Now we are developing the visualization tool- the concept of how all the information will connect, like Yelp for local food. For example, if you want a spinach salad, you will be able to use the app to find which restaurant has spinach salad available today, which farm sourced the spinach, tomatoes, or herbs for the dressing, and when they were delivered to the restaurant. It really can’t get fresher than that.
Examiner: How else will this app help the community?
MPS: growmingle will be the clearinghouse for the information. We are solving the disconnect and information fragmentation problems. Most people don’t know the relationships from farm to restaurant. We can profile grassroots organizations and businesses. Consumers can view the profiles, see the products made from a farm’s produce, and where to find them. Businesses can trace the money trail and work to yield higher output and income.
Examiner: How about home or hobby gardeners?
MPS: Ninety percent (90%) of the people we surveyed prefer local food sources. They believe local food is safer, eco-friendly, and tastes better than big market food offerings. They also believe local sourcing connects the community. The connections empower people to grow their own food. Randy Jewart of Resolution Gardens has helped over 1000 people plant food gardens of their own. They are eating what they grow.
Planting seeds for one’s personal food supply is total food transparency. The grassroots local food movement is the antitheses of industrialized supply. The process has been lost as society indulged into the industrialization of food supply and production. From the earliest days of people living together, food has been the local currency. We need to bring this idea back.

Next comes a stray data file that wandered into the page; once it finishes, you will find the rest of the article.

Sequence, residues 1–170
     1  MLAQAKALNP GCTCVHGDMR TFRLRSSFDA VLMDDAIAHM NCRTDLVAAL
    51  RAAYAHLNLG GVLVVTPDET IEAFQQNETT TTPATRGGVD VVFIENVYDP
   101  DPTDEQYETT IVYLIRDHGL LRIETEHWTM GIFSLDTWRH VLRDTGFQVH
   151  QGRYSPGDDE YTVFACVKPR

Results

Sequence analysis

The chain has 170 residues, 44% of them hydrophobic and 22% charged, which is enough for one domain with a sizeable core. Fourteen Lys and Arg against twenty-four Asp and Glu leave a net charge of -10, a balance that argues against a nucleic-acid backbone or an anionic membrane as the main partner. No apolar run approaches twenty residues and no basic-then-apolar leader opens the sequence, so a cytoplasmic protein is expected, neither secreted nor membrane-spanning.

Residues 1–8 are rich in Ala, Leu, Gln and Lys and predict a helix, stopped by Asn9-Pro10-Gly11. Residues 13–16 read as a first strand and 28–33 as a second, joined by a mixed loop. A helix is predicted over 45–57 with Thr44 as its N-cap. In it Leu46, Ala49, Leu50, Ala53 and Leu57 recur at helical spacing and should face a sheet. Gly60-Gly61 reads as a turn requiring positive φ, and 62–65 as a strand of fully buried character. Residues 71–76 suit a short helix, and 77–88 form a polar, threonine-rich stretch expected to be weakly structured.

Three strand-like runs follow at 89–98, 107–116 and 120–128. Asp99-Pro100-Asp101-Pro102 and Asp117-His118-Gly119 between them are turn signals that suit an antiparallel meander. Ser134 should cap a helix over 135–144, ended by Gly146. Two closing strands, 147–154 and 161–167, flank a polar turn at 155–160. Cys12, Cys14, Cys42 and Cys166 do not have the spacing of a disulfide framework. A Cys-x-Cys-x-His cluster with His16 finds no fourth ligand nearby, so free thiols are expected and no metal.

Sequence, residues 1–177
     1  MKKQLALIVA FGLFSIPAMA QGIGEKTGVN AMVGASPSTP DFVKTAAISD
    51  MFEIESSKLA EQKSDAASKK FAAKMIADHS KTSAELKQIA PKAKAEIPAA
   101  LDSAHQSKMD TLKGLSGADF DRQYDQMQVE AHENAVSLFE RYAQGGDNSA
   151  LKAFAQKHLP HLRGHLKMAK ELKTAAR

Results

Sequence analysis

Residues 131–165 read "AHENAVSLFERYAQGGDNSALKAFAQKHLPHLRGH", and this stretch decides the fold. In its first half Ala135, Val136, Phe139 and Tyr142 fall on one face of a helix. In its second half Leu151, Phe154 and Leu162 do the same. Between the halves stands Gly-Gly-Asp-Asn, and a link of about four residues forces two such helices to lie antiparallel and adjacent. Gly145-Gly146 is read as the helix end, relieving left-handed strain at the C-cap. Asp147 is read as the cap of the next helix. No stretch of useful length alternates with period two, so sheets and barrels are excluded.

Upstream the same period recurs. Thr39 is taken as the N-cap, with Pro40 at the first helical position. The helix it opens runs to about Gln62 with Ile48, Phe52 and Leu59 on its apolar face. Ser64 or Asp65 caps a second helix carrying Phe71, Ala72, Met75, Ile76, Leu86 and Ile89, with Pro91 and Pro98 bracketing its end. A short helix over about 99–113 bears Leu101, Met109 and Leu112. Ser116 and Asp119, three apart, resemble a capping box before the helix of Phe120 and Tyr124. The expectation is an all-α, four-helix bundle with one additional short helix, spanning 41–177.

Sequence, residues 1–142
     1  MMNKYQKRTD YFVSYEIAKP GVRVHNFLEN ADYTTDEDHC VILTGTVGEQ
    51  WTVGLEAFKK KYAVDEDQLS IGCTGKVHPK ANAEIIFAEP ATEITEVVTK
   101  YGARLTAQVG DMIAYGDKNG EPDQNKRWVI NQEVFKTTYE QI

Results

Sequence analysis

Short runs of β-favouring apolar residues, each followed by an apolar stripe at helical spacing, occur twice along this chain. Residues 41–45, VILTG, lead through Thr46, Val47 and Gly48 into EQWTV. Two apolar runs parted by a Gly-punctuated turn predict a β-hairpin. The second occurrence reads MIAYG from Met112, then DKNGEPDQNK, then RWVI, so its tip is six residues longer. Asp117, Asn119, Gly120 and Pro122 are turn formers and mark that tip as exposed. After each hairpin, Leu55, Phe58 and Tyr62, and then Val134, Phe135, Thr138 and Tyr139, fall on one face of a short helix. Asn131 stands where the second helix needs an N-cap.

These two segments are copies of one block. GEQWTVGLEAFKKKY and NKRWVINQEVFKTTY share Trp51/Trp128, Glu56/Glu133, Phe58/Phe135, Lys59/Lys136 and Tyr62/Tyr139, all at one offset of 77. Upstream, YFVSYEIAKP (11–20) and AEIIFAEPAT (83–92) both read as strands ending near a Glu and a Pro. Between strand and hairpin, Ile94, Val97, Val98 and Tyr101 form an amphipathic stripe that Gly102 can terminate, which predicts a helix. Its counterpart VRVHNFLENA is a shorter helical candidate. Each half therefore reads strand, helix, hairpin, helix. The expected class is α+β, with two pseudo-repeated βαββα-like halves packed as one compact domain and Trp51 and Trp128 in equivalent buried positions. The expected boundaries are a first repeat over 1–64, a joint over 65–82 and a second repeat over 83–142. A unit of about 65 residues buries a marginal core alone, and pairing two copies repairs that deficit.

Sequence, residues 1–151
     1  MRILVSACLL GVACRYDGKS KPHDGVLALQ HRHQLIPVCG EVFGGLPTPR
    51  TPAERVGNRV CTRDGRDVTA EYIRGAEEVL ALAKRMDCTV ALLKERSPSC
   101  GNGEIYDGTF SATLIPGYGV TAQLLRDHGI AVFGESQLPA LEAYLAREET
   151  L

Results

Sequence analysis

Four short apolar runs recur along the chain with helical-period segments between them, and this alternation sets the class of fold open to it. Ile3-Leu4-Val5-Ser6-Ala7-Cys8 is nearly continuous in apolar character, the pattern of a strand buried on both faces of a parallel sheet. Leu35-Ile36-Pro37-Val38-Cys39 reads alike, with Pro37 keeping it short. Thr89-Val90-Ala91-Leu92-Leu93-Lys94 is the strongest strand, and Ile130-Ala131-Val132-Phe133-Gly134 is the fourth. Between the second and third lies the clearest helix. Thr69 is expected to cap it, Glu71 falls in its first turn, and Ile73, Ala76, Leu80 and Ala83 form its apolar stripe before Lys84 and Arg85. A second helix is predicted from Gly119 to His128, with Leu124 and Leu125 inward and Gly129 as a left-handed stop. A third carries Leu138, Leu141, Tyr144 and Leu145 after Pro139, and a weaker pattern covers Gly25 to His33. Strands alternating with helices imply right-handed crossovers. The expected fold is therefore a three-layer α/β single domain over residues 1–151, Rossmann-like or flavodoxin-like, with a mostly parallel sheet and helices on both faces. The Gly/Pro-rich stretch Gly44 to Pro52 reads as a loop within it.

Examiner: How soon will the app be functional?
MPS: We anticipate it will be operational in under 6 months. We are excited to have people find out what is going on in the Austin area. People will be able to find new places growing and using local food and facilitate it.
Examiner: What does the future hold?
MPS: Within 9-12 months we plan to expand the idea into other cities. There are diverse and fascinating local food sources in cities all over the country. We want to get it right in Austin before we expand.
Examiner: Is sharing the food information the most important goal of growmingle?
MPS: Of course sharing food information so local people won’t be hungry is a goal. Empowering people to seek their own local food sources is also vital, whether they learn to grow it for themselves and share with neighbors, or seek outlets for local food products as consumers. But bringing in the social element is perhaps the major goal. Mingling people to develop strong community is even more important than the grow.